“Resuscitating the heart of compassion that society has lost” is something the Buddhist philosopher and writer Daisaku Ikeda writes a lot about. The paradox for me is that though in many ways I was very lost myself when I lived in Kings Cross, it was then a famous London red light area and epicenter of drug crime, it was where I found that spirit of compassion, in lots of ways, in others and also in myself. It was when my viewpoint on life, on people, all my preconceptions, changed.
I was living in cheap housing association flat in the goth like red brick buildings in the back streets of Kings Cross which had once been Victorian slums. A struggling artist in my mid twenties, the post-Cambridge theatre company that I had co founded had split up, everyone had gone their separate ways and my closest friend from it had left the country to live in New York. I was refusing all parental pressure to “come home” as I knew that would be followed with “get a proper job.” I was very isolated in my stubbornness and also very frightened of where I was living. There were no security doors or gates on the stairwells, so anyone and everyone could walk in. And did. I had also been very ill. The drug addict who lived close by and the young woman neighbor next door who had just come out of a battered wives refuge, frightened me also. They were in the slip stream, outside of society. Awful though it may sound, I didn’t want to get too close. I do also remember starting to practice Buddhism at that time, well chanting anyway. Compassion (along with wisdom, courage and life force) is one of the aspects of dharma nature or Buddha nature in all things and people. And gradually the them and me, melted away and I felt compassion for us all, the drug addict downstairs, crying on the phone to his dad in Dublin telling him again and again he loved him was heart breaking to hear. When I did open the door to an incessant and insisting pounding from my new neighbor next door, she had such energy and verve and warmth and consideration, she resuscitated my spirits and literally dragged me out the flat and to go swimming every day. There was such a sense of community, a sense of looking out for each other, a sense of kindness that I will never forget. That’s not how it was supposed to be, these were supposed to be the bad people, and in my ever quick to be triggered Irish Catholicness, I thought I must be bad too. We were all damned together! But actually what I was discerning was that it wasn’t true. And really the only difference between people was their predominant life state, not their status, or their position in respectable society, i.e. what was motivating them, under the surface.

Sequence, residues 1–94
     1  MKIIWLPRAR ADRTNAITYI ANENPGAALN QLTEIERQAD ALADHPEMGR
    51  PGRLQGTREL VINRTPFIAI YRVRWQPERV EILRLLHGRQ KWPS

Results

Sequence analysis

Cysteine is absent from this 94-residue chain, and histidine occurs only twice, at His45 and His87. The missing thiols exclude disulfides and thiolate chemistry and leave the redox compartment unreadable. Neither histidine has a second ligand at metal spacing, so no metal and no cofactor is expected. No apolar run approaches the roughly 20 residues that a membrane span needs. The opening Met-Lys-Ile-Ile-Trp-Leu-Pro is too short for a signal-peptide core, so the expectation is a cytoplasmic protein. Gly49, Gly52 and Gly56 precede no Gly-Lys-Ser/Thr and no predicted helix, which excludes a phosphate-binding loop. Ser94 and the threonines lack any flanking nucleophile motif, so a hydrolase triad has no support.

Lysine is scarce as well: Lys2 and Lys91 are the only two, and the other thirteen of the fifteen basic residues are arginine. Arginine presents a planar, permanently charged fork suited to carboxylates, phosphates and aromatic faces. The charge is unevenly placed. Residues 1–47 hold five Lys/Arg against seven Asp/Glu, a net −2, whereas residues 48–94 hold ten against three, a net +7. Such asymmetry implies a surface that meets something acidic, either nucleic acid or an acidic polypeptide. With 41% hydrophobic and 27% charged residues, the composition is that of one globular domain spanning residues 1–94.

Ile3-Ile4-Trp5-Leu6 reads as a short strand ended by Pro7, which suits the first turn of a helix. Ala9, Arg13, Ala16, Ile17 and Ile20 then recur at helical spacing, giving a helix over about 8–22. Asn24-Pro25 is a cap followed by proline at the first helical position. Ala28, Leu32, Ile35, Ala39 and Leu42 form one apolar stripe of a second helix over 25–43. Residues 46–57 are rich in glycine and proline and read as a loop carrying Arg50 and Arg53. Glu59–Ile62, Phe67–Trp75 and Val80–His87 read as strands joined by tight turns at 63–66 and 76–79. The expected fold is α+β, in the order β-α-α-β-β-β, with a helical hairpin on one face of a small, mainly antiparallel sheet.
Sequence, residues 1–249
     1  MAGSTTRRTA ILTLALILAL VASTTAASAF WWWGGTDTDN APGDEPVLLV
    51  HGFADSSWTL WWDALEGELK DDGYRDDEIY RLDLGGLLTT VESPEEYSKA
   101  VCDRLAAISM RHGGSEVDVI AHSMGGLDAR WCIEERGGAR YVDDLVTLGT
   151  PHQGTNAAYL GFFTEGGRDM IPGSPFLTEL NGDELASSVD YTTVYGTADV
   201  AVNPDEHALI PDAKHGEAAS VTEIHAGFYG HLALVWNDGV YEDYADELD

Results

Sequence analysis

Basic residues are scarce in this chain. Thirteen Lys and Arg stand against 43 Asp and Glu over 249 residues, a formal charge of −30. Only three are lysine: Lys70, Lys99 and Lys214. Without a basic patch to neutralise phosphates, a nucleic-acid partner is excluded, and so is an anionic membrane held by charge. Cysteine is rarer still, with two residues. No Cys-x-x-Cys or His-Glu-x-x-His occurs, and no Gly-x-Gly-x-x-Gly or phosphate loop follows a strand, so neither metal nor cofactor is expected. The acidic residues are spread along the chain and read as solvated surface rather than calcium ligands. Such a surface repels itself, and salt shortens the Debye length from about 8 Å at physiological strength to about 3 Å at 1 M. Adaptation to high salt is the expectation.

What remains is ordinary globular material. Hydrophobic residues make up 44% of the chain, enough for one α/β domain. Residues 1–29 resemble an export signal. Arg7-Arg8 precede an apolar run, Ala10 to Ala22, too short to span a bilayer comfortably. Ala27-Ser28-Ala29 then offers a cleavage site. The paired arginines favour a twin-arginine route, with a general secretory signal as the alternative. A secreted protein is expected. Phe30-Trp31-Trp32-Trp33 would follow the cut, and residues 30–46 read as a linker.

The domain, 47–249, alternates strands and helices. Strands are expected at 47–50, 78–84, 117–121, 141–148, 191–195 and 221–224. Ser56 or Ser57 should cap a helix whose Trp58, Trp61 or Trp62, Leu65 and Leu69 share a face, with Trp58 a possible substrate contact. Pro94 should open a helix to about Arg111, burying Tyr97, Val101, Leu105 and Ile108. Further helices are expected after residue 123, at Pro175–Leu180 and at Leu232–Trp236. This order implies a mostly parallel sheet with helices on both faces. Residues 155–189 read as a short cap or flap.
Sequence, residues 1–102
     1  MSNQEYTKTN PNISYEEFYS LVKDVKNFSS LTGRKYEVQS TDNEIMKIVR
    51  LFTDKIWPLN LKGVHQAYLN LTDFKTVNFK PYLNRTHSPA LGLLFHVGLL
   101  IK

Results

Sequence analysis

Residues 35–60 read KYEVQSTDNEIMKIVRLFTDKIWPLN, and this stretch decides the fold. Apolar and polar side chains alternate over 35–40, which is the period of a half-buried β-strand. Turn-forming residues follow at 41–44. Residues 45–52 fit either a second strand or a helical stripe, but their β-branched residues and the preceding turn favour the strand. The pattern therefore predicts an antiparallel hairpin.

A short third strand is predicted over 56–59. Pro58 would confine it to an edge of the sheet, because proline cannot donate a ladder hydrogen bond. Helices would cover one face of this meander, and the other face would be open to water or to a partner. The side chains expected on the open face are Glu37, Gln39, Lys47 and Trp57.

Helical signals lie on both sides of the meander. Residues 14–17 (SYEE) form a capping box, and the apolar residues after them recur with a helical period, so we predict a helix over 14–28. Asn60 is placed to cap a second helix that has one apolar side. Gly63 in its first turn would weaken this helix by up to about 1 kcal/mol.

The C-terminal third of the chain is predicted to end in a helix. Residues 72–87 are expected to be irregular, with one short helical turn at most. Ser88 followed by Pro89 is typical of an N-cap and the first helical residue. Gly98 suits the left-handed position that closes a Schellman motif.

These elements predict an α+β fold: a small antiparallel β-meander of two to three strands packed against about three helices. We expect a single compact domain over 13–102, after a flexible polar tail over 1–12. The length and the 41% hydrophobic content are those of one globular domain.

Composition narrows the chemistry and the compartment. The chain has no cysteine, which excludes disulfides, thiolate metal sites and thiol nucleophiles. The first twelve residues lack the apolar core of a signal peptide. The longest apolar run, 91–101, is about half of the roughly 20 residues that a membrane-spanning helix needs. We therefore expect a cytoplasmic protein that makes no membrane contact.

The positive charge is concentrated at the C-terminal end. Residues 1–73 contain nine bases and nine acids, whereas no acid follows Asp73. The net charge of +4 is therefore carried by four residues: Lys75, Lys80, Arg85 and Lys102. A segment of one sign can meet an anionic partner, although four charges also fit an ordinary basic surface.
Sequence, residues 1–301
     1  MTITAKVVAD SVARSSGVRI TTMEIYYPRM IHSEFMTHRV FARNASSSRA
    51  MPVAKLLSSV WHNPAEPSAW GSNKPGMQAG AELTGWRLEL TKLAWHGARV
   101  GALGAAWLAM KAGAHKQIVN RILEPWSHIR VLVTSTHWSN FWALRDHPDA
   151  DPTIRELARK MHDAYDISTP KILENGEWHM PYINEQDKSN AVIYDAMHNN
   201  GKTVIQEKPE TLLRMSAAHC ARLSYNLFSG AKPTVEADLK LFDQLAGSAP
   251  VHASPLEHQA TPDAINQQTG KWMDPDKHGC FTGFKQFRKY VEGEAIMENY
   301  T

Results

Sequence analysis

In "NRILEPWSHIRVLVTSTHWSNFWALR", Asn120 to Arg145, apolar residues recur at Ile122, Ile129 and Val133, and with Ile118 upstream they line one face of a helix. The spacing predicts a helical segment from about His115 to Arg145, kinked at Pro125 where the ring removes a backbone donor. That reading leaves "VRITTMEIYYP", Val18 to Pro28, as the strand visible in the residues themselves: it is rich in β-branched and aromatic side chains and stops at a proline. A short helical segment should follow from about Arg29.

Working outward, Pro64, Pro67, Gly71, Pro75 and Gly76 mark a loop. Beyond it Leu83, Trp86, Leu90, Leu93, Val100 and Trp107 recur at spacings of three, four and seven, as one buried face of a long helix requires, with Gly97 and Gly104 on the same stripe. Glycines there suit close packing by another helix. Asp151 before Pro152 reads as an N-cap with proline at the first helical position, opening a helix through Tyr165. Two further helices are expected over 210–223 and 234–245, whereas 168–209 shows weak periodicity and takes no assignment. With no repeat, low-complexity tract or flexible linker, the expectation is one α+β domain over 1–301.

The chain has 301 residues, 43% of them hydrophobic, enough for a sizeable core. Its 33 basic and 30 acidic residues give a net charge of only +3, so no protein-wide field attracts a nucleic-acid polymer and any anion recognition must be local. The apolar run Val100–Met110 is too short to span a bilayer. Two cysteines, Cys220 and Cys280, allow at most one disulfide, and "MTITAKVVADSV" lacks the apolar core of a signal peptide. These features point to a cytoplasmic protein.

And there was a mixture, there were immigrants and young graduates and a lot of musicians also. And there was very bad stuff happening, but a unique spirit also.
I knew I was going to write a book about it, but then never did. I wrote as much as the first few pages in what is now the first part of Christmas at the Cross. So I knew the voice of the character and I knew it was driven by that character, but it felt a bit weird, normally it is guys who have “roughed it.” And I felt a bit embarrassed. Then I got caught up in film making.
Then as I had met the publisher from Bridge House and she told me about their Christmas anthology. I wrote the first part and it was selected by The Irish Times and Bridge House anthology and that was very encouraging. My little experiment had gone well. Then within a couple of months, we were all in lock down. And I decided as part one of Christmas at the Cross had gone well, maybe I could write part 2 and then maybe part 3. But I also feel the sense of crisis of that first lock down, unlocked it also. I couldn’t stop thinking about how great these people had been to me, how judged they were by society and how I wanted to pay tribute to that unthinking, spirit of compassion. The drug addict is now dead and the female neighbor spiraled down and fell apart from some choices which didn’t help her. It was heart breaking for me, as she had been such a true friend, when I was a bit all over the place. But there was nothing I could do to help her. She disappeared. That really got to me. So I thought I can do this. I can generate this, into a book, create a story in gratitude and report it, give that under the radar voice to the world. As a Christmas tale, it also is about redemption not from sin but from an awful situation.
Out of the muddy swamp the lotus flower blooms.
Some of us did. Some of us didn’t.
(c) Maeve Murphy
About Christmas at the Cross:
Christmas is not a joyous occasion for everyone. Not at the Cross. Yet hope and humour remain.
Blaithnaid’s relationship with Kieran is not good. She has allies in Nadina the prostitute who soothes her with potatoes and Yoichi a Japanese neighbour who offers tea but only a little sympathy. David a neighbour supplies something approaching a festive Christmas with plum pudding and White Christmas. There is snow, there are Christmas lights and there are friends meeting for drinks. There is violence, there are threats and there is heartache. How will Blaithnaid find her way through all of this?
Christmas at the Cross – a Kings Cross story – is a novella in five parts from Bridge House Publishing. Maeve Murphy creates a compelling text, an authentic voice and a real sense of place.
“This is a story about women who have had enough. If you have had enough too, this is for you. But regardless, you will be astonished by Maeve’s riveting tale.”
Jim Sheridan, screenwriter and director of My Left Foot
Order your copy online here.